Name: Nikita Sivakumar
From: Alexandria, Virginia
School: Thomas Jefferson High School for Science and Technology
to the Patients.
hated that there was absolutely nothing I could do to help her.
cure was simply to “wait”
my mom suffered from an unusual headache coupled with vertigo and
nausea. I had never seen my strong-willed mother shed a tear out of
personal pain. The ground underneath me shattered, as I saw the woman
who gave up her job and education to raise me reduced to a pale
patient in the white rooms of a hospital wing.
my mom experiences vertigo, I feel an overwhelming sense of
helplessness. There is no effective treatment for her condition. In
the aftermath of one of my mom’s first episodes, I resolved to
reduce the uncertainty families face against such medical conditions.
Throughout high school, I dedicated my free time to volunteering at
patient advocacy groups for rare diseases.
the summer of my sophomore year, I volunteered at Monochrome Man
(MM), which focused on raising awareness for a genetic eye disease,
Blue Cone Monochromacy (BCM). Since BCM is so uncommon, most
optometrists misdiagnose patients, resulting in generations of
insufficient treatment. Spending 18-20 hours a week, I poured myself
into the organization. As the head of communications for the
non-profit, I directed a team to develop medical brochures that
informed patients and eye specialists about BCM. Additionally, I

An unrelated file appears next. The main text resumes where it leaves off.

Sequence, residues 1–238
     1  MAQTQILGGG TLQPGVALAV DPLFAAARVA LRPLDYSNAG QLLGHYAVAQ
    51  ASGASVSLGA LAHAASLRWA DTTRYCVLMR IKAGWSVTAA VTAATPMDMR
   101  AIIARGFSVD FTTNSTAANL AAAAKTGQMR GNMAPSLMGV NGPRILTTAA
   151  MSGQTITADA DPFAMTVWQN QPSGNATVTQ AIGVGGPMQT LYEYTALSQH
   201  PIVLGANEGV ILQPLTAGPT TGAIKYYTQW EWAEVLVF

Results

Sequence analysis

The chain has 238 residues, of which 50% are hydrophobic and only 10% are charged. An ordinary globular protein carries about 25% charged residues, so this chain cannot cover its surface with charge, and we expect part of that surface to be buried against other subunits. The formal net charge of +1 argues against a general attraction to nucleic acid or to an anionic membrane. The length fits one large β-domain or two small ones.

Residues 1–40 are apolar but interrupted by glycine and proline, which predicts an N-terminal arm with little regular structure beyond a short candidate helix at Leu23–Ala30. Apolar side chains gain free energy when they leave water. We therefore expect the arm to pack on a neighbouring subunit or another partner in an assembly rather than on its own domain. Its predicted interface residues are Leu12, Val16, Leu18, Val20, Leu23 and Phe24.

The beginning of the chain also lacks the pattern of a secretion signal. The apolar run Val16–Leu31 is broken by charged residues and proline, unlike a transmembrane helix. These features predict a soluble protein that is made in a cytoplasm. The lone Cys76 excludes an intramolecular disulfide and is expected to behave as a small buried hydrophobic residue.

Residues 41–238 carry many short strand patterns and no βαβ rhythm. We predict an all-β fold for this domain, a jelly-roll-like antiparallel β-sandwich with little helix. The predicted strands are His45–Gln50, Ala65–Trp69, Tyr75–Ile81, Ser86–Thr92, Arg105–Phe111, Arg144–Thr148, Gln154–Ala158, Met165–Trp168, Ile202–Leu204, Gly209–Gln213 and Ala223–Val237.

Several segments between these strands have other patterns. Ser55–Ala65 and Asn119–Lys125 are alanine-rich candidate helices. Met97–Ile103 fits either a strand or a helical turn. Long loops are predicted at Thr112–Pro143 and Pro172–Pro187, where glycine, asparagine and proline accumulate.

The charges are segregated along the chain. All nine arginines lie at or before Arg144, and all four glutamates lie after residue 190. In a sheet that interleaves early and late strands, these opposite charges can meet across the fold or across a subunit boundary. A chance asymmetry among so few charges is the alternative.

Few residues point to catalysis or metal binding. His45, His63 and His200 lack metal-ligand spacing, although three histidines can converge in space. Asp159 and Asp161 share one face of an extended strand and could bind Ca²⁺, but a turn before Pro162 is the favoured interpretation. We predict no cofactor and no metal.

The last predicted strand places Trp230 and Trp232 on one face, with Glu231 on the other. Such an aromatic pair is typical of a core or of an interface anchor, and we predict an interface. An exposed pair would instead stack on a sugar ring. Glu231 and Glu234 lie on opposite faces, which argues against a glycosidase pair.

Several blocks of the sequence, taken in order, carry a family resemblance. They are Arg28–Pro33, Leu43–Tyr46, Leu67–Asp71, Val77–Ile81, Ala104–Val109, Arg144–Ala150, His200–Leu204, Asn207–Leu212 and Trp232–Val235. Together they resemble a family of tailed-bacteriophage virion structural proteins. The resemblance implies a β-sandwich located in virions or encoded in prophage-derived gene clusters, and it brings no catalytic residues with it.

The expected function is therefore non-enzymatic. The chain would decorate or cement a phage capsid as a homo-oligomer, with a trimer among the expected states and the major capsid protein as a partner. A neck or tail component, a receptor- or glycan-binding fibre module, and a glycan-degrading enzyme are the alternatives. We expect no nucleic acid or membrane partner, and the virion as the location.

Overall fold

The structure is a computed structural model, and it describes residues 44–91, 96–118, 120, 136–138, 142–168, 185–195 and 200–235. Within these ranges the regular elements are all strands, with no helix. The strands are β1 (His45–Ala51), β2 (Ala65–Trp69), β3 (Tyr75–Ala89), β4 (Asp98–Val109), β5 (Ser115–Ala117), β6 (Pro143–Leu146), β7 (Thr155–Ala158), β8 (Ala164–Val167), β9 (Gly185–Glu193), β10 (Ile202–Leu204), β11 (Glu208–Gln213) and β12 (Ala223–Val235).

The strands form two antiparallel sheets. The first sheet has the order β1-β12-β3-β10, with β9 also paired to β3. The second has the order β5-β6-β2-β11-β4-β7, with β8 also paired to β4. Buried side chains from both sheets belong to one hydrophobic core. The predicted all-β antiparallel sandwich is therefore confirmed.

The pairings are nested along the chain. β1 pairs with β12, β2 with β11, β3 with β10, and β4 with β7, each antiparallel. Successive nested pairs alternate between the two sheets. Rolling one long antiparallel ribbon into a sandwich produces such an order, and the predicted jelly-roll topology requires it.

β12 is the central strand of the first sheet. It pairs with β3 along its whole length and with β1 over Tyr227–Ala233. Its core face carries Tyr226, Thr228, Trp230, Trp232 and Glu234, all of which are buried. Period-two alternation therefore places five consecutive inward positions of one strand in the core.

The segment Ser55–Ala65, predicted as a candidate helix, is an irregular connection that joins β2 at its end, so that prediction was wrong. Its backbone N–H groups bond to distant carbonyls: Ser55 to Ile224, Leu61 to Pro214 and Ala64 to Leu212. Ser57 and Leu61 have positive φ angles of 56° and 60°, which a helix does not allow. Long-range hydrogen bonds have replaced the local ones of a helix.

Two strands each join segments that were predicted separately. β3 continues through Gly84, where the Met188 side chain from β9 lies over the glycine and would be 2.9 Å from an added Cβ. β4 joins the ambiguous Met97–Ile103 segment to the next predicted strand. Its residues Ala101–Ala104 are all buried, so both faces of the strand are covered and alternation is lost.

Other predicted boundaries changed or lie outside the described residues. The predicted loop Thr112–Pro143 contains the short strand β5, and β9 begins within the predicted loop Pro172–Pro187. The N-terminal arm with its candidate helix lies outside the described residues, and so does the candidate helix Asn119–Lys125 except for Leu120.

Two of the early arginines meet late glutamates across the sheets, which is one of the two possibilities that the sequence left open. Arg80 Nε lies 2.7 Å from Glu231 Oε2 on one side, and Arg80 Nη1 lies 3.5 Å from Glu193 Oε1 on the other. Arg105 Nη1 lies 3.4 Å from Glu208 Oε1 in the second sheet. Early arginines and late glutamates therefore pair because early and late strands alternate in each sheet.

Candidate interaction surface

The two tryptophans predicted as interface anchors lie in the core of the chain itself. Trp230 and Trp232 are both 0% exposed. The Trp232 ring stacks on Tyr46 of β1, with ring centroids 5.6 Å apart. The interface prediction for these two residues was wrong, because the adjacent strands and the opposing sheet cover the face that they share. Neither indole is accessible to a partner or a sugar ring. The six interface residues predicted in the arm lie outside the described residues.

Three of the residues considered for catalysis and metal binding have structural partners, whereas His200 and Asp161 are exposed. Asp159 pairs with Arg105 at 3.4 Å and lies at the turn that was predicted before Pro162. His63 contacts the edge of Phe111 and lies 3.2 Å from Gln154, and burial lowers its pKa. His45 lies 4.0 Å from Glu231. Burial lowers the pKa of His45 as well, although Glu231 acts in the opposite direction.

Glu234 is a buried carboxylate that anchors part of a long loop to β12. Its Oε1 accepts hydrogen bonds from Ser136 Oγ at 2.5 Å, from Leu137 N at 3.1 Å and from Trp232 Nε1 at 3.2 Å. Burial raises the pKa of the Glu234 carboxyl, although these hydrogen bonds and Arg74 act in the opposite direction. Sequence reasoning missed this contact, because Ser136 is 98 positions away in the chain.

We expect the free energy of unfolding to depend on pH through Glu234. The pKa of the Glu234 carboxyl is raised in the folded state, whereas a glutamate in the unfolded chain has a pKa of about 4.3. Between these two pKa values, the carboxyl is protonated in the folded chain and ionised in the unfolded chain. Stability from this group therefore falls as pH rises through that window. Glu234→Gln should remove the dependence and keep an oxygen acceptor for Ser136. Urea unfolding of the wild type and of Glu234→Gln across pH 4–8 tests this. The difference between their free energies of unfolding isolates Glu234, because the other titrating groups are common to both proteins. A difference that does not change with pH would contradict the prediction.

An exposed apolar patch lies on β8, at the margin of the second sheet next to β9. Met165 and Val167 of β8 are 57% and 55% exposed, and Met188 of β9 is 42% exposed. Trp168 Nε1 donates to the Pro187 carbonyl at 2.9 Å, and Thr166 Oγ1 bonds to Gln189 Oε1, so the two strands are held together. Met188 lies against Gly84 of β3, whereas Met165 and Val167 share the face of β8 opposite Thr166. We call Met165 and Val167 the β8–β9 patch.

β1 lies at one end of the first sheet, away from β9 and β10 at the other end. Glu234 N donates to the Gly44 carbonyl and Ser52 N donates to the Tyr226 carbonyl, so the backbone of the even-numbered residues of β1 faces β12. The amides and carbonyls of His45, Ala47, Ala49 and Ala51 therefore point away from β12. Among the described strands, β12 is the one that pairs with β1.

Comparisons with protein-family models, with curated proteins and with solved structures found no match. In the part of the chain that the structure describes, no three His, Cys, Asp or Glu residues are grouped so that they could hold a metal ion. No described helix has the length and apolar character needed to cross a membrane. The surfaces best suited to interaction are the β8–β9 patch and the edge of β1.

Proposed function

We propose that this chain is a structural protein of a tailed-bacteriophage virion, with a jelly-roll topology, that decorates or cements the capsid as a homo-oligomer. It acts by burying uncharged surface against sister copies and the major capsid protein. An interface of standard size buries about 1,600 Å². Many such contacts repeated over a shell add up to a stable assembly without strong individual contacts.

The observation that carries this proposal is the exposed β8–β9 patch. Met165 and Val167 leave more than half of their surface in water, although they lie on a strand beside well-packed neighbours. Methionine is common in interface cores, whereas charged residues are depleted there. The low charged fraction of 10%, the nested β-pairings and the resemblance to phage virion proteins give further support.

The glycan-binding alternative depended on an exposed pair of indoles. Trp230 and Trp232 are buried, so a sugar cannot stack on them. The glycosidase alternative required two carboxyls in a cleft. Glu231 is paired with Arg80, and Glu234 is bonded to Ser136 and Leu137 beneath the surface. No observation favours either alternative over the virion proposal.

worked with my internship director to develop a research proposal for
BCM gene therapy. My efforts laid the groundwork for preventing
misdiagnosis of patients and finding a cure for the disease.
interacting with child BCM patients and their families, I witnessed
firsthand the immense struggles they endured. These children faced
bullying for wearing large magenta glasses (specially-made glasses
for BCM patients) and developmental challenges due to the early lack
of vision. The experience taught me to be grateful for what I had,
and motivated me to continue giving a voice to those with rare
diseases throughout my professional career.
my work with MM continued, my internship director and I sought to
expand the outreach of our patient advocacy group through founding
PatientsLead, a non-profit that provides a platform for patients and
other interest groups to collectively pool investments towards
research for a specific disease. The approach is both unique and
sustainable, making it forward-looking. Every week, I spend 2-3 hours
on my PatientsLead responsibilities of organizing meetings with
potential investors and designing outreach material for target
audiences. The biggest challenge I faced at the start of this
endeavor was directing public attention towards our organization. How
do I market our ‘patient-led drug development’ model? However,
soon through persistence, I secured our very first meeting with an
investor. From there, we have been able to slowly build the
take pride in my volunteerism because it empowers families, like my
own, by giving them the opportunity to find a cure for their
condition. Twenty years from now, I believe that PatientsLead, along
with other such organizations, will help cure all rare diseases.